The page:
Make Nursing Better

  1. [font=Comic Sans MS]More pay? Better hours? Fewer patients?

    [font=Comic Sans MS]All of these things would be helpful but I think RESPECT is the real answer.
    [font=Comic Sans MS]You can't even touch a flight attendant without committing a federal offense and yet a nurse can get verbally abused, physically threatened and assaulted by a patient or a family member or a physician then be called in to explain the situation in administration.

    [font=Comic Sans MS]If the hospital administration, physicians or patients thought about it... we nurses are not replaceable. We are interchangeable but you have to have a nurse to do the work.

    [font=Comic Sans MS]It's ridiculous that they talk and worry about the "nursing shortage" and yet walk all over the nursing staff by overloading us then griping about the charting, or the fact that we clock a "no lunch" or gripe at us about the patient complaints because they had to wait too long.

    [font=Comic Sans MS]They want to extend the privileges of non-degreed or unlicensed personnel to pass medications, to circulate operating rooms or to assist with procedures and we have to supervise these people. Isn't that our license they are using?

    [font=Comic Sans MS]Nurses need RESPECT. Every time we do not report misbehavior, each time we take 1-2 extra patients, when we don't clock a "no lunch" after we have worked 8 hours of a 12 hour shift and don't get "30 minutes away from our work station" to just eat... we allow ourselves to be disrespected, to be devalued and to be demoralized.

    [font=Comic Sans MS]Doctors sometimes think nurses are "trained monkeys" and yet only want certain nurses to take care of their patients.

    [font=Comic Sans MS]Will administration take the side of the 10-year employee or the side of the Medicaid drug seeker who was verbally threatening the nurse and had security called to haul them out? Yes, it was the drug seeker, who won't pay a dime to the hospital, who gets satisfaction. And they wonder why we don't have retention in nursing.

    [font=Comic Sans MS]Did security respond when an ER nurse was being pummeled? No, we had to call the cops.

    [font=Comic Sans MS]I am tired of seeing nurses leave the practice. To them, it's not "worth it" and I believe it is. We MUST gain respect by reporting staffing shortages, refusing overtime (most states have laws regarding the hours allowed daily), taking our lunches away from work, charting or phone calls, taking potty breaks often (old people and healthcare workers have the highest rate of UTI's and pyelonephritis), and writing up patient's abuse of nurses or staff when they occur.

    [font=Comic Sans MS]I encourage you all to get in the ring and put on your gloves. Don't expect a fair fight and watch out for the "kidney punches". As I tell my kids, "when you fight, expect to get hurt".:stone
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  2. 5 Comments

  3. by   orrnlori
    You know, your post got me to thinking about teachers. Some teachers face many of the things you have in your post, over regulation and paperwork, physical safety in the classroom, too many students, teachers called on the carpet because of poor performance of students, etc. Just think how powerful the NEA is. It's a shame we don't have anyone to lobby for us like teachers have to lobby for them. But I don't see it ever happening. I'm so disgusted with the ANA that I can't even put it into words. Well, I agree with much of what you say.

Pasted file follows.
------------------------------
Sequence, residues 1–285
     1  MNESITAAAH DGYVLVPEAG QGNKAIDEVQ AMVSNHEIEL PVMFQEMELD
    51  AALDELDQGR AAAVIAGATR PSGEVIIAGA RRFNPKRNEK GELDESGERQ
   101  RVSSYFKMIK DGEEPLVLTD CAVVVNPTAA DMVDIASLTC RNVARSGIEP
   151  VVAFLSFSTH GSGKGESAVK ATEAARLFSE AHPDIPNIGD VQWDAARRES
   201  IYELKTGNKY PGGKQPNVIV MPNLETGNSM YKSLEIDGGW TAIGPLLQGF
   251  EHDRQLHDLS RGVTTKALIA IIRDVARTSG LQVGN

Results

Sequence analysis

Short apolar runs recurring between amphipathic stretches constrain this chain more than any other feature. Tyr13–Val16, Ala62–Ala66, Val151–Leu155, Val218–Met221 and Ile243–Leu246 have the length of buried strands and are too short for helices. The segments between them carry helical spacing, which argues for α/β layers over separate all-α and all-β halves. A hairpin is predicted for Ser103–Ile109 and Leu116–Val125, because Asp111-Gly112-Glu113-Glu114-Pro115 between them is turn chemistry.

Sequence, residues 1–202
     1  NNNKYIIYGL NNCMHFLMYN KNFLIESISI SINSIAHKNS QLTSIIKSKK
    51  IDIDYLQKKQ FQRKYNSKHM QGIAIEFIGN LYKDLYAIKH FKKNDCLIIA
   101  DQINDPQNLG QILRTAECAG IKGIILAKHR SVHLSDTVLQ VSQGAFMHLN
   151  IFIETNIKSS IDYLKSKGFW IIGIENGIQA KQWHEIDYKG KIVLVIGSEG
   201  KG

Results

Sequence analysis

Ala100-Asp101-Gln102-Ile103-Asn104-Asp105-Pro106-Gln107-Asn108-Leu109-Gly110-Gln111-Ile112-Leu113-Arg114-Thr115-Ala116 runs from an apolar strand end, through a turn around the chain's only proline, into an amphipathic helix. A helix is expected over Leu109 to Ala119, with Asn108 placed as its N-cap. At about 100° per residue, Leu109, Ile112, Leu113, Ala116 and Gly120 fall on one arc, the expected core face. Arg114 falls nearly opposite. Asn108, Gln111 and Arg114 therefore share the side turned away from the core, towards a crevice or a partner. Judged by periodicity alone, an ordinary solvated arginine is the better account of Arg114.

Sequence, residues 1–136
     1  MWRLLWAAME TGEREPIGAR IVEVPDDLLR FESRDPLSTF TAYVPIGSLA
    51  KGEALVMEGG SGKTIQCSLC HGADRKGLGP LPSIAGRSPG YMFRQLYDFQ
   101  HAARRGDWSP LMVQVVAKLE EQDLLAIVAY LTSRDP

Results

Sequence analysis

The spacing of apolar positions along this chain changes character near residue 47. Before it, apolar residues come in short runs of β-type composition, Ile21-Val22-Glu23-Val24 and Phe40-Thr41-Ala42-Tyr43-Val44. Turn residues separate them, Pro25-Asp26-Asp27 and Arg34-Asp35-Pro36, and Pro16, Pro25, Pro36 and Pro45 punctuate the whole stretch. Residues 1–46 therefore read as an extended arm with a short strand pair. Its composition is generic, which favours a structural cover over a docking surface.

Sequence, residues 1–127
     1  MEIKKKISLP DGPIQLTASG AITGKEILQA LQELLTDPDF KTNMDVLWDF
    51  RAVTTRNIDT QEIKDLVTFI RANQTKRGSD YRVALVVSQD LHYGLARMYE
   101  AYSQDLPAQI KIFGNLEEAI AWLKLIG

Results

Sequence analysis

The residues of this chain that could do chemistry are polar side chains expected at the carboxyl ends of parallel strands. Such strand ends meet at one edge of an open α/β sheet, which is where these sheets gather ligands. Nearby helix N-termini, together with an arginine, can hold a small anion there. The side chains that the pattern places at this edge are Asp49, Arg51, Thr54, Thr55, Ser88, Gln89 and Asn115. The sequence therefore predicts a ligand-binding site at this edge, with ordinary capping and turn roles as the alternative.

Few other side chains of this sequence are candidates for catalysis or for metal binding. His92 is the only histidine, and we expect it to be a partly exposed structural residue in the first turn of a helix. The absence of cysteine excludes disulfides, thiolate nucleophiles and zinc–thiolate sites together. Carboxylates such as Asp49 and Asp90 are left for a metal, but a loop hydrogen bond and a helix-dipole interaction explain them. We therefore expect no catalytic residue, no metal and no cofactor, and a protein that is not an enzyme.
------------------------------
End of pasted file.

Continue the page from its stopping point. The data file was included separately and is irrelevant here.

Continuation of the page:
4. by   mattsmom81
    Nurses have prioritized with their families first, job second in many cases...they don't make waves because they want to keep the job. I agree with much of what you say too and I also understand the generations of complacency on the part of nurses has allowed the situation to get so out of hand. I too believe organization is the answer...because to speak out alone generally brings down the wrath of everyone in the healthcare arena down on on's lone head, unfortunately. I hope I live to see effective organization by nurses become more widespread. I salute the nurses in New York and California and others who are paying the price and fighting the good fight. I hope to live in a union area again someday. It is job suicide to say the U word here.
  5. by   RN4NICU
    If the ANA would serve as a national nursing union and actually do something for its members - it would have no problems gaining members and the collective voice of nurses could be heard, loudly and clearly. It would be hard to bring in strike breakers from other states if the nurses in those states were in the same union.
  6. by   sleepless in norman
    I have known for years nurse's have to many battle fronts to defend, 1) Patient/Pt. familly situations 2) Physicain situations 3) Board of Nursing situations 4) Nurse vs. Nurse situations 5) The self destructive power of a Nurse.
  7. by   RN4NICU
    Quote from sleepless in norman
    I have known for years nurse's have to many battle fronts to defend, 1) Patient/Pt. familly situations 2) Physicain situations 3) Board of Nursing situations 4) Nurse vs. Nurse situations 5) The self destructive power of a Nurse.
    I refuse to deal with #4 (better things to do with my time) and I did not inherit #5, but suffer from it by association.

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